Paired with this new proposal came an ask of the business community to put up $25 million to help with homelessness. The request is perhaps inspired by a recent visit from San Francisco Mayor Ed Lee, who spoke publicly about his city’s massive budget to combat homelessness, funded in part by local tech millionaires and billionaires. At an event at Seattle University with the two mayors, Murray was noticeably envious of the privately funded support in the Bay Area.

The second of Murray’s two new tax proposals, while not as large, has the potential to kick up more dust than a standard property tax levy: a 2 cent per ounce tax on sugary sodas to raise an estimated $16 million a year. Limited by what a city can tax (new taxes or fees generally must be shown to be addressing some related problem), the new revenue would be used to “fund programs important to the health and success of so many of our underserved students of color.”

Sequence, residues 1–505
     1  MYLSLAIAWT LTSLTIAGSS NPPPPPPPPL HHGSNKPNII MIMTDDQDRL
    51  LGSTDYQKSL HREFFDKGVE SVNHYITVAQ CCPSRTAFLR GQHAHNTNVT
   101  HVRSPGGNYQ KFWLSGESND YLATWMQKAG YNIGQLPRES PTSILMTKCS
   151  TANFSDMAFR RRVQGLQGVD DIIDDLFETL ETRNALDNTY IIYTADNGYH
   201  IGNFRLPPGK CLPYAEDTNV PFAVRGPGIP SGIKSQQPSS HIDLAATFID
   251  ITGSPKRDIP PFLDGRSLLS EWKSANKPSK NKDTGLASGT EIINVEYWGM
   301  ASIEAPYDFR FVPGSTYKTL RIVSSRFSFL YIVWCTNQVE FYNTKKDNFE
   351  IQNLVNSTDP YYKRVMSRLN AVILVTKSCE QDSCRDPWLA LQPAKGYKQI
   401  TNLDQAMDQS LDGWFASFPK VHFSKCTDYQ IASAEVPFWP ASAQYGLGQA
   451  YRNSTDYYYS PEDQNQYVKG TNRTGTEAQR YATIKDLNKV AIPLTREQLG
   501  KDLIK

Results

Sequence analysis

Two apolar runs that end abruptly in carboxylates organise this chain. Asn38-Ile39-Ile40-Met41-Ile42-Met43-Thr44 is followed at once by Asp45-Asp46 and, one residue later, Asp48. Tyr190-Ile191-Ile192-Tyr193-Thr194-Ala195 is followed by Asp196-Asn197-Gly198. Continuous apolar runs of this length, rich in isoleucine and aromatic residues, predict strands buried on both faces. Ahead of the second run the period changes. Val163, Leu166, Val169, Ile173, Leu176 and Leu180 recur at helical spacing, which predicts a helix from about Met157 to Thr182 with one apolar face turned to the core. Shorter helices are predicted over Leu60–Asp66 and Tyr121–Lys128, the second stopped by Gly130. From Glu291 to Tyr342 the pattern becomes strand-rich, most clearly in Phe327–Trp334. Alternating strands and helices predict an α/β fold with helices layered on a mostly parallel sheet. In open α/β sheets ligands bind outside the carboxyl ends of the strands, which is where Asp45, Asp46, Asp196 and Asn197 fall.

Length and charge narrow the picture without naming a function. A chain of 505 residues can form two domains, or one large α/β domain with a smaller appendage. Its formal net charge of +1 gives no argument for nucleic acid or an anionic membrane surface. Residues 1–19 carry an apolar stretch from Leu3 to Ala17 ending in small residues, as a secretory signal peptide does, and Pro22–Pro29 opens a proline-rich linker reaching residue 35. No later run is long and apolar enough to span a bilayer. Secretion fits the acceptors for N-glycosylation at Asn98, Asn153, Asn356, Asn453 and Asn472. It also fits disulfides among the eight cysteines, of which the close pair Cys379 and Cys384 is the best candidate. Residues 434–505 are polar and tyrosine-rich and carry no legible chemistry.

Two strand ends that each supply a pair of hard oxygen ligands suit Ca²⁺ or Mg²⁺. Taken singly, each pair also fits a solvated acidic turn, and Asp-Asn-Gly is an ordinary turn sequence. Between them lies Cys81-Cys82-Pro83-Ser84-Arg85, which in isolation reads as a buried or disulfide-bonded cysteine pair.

Murray was careful to point to other jurisdictions, like Boulder, San Francisco, Philadelphia and Oakland, that have levied similar taxes to fund youth and health programs.

But the proposal is not without its controversy. Setting aside whether or not it leads to healthier populations, skeptics have argued that the sugar tax measures disproportionately affect the poor.

There is a glaring awkwardness in Seattle, however: As Seattle brands itself as a “welcoming city,” as the model for a progressive future, many of the populations it’s promising to protect — including immigrants and refugees — cannot afford to live here. Every one of Murray’s yearly addresses has addressed this gap. With his celebration of Seattle’s successes — its massive job and wage growth, for instance — inevitably comes a large dose of hedging. As communities of color are pushed from the city’s limits, few can look at Seattle’s growth and development as occurring equitably.